Cyrus Charter to Be Taken Home from UK

Pars News Agency

TEHRAN (FNA)- Officials from Iran National Museum are in talks with their counterparts from the British Museum to borrow the famous Charter of the Cyrus the Great for a few months to put it on public display at home.

Deputy chairman of Iran Cultural Heritage, Handicrafts and Tourism Organization Hamid Baqaee, told the Islamic republic news agency in London that Tehran was to transfer the baked-clay cylinder to Iran after finalizing the ongoing talks with the British Museum where is the house of the charter which is considered as the first human rights declaration.

The charter of Cyrus the Great, the Persian King of 539 B.C. is a baked-clay Aryan language (Old Persian) cuneiform cylinder that was discovered in 1878 in an excavation operation in the site of Babylon.

The Persian King described in the charter his humane treatment of the inhabitants of Babylonia after its conquest by the Iranians.

The document has been hailed as the first charter of human rights, and in 1971 the United Nations published a translation of it in all the UN official languages.

The cylinder is currently housed in the British Museum and a replica of it is being kept at the United Nations headquarters in New York City.

In parts of the declaration, Cyrus had said, "Until I am alive, I prevent unpaid, forced labor. To day, I announce that everyone is free to choose a religion. People are free to live in all regions and take up a job provided that they never violate other's rights."

Baqaee hoped that grounds would be prepared for the transfer of the cylinder to Iran.

"Cultural ties would help promote social relations among nations," Baqaee said, adding that growing cultural relations would influence nations' political and economic ties as well "although cultural issues are different from political affairs."

Baqaee is in London for the inauguration of an exhibition on Iran's arts and culture during the Safavid era (1501-1732).

The exhibition was inaugurated a couple of days ago at the British Museum and would continue for four months.

Scores of artworks including paintings, calligraphy, China dishes, textiles and handwritten Qurans from the Safavid era were collected from 30 museums worldwide and put on display at the exhibition.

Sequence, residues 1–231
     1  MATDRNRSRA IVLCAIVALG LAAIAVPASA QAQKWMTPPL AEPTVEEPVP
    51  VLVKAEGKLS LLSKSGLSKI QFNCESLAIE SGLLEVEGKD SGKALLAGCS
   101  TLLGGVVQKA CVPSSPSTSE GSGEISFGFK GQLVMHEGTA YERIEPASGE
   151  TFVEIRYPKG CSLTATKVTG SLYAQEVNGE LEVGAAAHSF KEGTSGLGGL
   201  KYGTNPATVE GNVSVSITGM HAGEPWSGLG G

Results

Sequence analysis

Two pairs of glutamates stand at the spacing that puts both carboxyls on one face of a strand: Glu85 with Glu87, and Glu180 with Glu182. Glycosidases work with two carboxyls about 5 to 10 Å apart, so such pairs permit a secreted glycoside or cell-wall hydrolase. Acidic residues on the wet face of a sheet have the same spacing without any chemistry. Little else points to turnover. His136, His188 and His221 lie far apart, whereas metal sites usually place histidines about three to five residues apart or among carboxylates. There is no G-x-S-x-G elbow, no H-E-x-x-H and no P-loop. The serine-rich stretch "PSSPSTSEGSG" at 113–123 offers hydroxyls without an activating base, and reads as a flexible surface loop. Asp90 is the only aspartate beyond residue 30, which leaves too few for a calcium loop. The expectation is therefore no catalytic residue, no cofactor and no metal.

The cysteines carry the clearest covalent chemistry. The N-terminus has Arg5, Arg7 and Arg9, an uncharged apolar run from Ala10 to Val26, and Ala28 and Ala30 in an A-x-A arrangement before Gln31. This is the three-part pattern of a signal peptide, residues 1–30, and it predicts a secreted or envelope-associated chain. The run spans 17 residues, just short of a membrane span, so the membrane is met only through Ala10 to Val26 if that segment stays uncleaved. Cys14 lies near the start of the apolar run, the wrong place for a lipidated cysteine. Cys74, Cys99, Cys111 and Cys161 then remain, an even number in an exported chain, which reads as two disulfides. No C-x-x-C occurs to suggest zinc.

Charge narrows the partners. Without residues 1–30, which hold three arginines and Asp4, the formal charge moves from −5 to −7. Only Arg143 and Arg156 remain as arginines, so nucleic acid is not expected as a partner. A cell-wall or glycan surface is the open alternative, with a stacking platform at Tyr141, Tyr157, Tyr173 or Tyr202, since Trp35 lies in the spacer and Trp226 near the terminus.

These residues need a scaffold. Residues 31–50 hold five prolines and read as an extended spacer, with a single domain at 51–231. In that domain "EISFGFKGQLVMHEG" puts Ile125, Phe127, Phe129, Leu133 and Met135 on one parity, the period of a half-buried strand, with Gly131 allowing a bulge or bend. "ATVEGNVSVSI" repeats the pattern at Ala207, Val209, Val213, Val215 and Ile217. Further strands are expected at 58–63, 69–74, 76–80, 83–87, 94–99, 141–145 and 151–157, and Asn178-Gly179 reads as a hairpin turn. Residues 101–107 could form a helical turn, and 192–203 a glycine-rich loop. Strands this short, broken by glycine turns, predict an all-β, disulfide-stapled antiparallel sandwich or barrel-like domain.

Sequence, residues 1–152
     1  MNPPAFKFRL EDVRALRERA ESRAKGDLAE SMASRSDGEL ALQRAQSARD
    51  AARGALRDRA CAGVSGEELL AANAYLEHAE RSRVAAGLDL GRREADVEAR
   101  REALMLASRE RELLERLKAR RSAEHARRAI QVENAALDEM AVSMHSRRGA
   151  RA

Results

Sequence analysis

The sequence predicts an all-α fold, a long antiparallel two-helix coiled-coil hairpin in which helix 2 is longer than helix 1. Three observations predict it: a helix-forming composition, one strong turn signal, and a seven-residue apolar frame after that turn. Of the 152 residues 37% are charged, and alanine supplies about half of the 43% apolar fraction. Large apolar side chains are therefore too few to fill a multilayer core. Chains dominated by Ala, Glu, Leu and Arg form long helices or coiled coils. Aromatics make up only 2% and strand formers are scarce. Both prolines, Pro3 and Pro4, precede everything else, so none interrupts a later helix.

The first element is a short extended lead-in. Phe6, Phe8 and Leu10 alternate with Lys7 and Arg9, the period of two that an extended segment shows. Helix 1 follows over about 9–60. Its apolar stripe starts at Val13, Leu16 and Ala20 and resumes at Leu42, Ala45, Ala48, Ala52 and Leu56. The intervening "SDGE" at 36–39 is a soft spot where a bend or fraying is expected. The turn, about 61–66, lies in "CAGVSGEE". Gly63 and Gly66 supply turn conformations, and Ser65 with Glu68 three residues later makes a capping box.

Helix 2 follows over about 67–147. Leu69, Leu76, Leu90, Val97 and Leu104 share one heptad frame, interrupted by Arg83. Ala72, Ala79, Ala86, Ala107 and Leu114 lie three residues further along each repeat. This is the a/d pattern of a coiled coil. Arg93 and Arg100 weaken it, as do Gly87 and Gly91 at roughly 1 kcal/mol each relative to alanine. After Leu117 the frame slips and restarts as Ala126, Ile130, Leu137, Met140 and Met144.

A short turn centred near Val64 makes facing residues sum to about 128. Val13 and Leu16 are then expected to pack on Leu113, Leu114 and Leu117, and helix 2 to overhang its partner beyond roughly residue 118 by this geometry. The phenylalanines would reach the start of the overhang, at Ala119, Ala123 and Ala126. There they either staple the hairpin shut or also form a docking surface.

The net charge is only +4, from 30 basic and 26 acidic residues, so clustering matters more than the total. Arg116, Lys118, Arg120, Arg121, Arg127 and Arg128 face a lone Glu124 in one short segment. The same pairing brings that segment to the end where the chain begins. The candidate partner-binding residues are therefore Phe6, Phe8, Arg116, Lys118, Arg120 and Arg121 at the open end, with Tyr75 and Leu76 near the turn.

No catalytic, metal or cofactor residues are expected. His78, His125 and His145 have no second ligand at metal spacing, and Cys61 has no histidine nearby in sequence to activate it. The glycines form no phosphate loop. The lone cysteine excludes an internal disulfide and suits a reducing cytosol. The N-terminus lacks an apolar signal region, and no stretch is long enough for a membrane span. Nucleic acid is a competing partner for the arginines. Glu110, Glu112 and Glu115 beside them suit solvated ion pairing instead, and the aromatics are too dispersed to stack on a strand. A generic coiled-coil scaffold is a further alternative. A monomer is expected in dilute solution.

Mazandaran Inhabited 5600 Years Ago


Traces of population in Gohar Tappeh Tehran, March 10, 2009: Archeological studies have indicated that traces of ancient population in Iran+s northern province of Mazandaran goes back 5,600 years.

“Archeological excavations and precise date recognition at the historical site of Gohar Tappeh revealed urbanism had entered the region about 4,500 years ago,” says Ali Mahforouzi, head of the excavation team of Gohar Tappeh of Mazandaran.

The discovery has also led archeologists to believe that powerful political and economic systems in the region were established around 5,600 years ago.

“If we believe in the theory that urban dwelling occurred after agrarian, we could claim settlement in Mazandaran province dates back to at least 5,600 years ago,” Mahforouzi added in a Press TV report.

“We believe the powerful economic system was based on agriculture, animal husbandry, and trade - all among the basics of industry at the time,” he said.

“The history of pre-agrarian dwelling goes back to cave-dwelling era,” Mahforouzi said. “There was a 3,800-year-old gap between cave and agrarian dwelling in the region though.”


Yaghoob Leis Safari's resting place in Dezful - photograph: Rahim Morid

Achaemenid Sites Discovered in Western Iran


Achaemenid soldiers Tehran, March 5, 2009: Iranian archeologists have discovered Achaemenid sites during excavations in the Khandab town of the western Markazi Province.

Excavations have yielded over 80 ancient sites in the area including vast residential areas dating back to the Achaemenid era.

“This is the first excavation project in Khandab and the Achaemenid finds are the first of their kind in the western parts of Markazi Province,” said head of the archeology team Ali Asadi.

“The team has found earthenware similar to the Achaemenid ones found in Fars Province,” he said. “It seems that the area had been a flourishing and prosperous site in the Achaemenid era.”

Asadi believes that these areas may also include governmental road stations.

Khandab excavations have also yielded middle- and late-Islamic faience as well as rock paintings, which are set to be studied and dated.

Sheikh Bahaee's house in Isphahan

Persian Potsherd Discovered in Israel


Persian potsherd Tehran, March 12, 2009: Israeli archeologists have unearthed an inscribed piece of Persian pottery during excavations in the Old City of Jerusalem (Al-Qods).

Persian Potsherd Discovered in Israel Tehran, March 12, 2009: Israeli archeologists have unearthed an inscribed piece of Persian pottery during excavations in the Old City of Jerusalem (Al-Qods).
The artifact, which was found by an archeology team directed by Dr. Rina Avner of the Israel Antiquities Authority, is treated with a turquoise glaze and is adorned with floral patterns.

According to Artdaily, the piece dates back to the 12th-13th centuries CE and bears a black Persian inscription on the neck, which makes it the first of its kind to have been found in Jerusalem.

The inscription has been translated by Dr. Julia Rabanovich of the Hebrew University of Jerusalem as, “Was once the embrace of a lover that entreat”.

According to Rivka Cohen-Amin of the Israel Antiquities Authority, the line belongs to The Rubaiyat, a collection of quatrains (four-line poems) by the 11th-century Persian poet, mathematician and astronomer, Omar Khayyam.

The following is the complete translation of the quatrain by the celebrated British translator of The Rubaiyat, Edward FitzGerald:

I think the Vessel, that with fugitive

Articulation answer+d, once did live,

And merry-make; and the cold Lip I kiss+d

How many Kisses might it take--and give.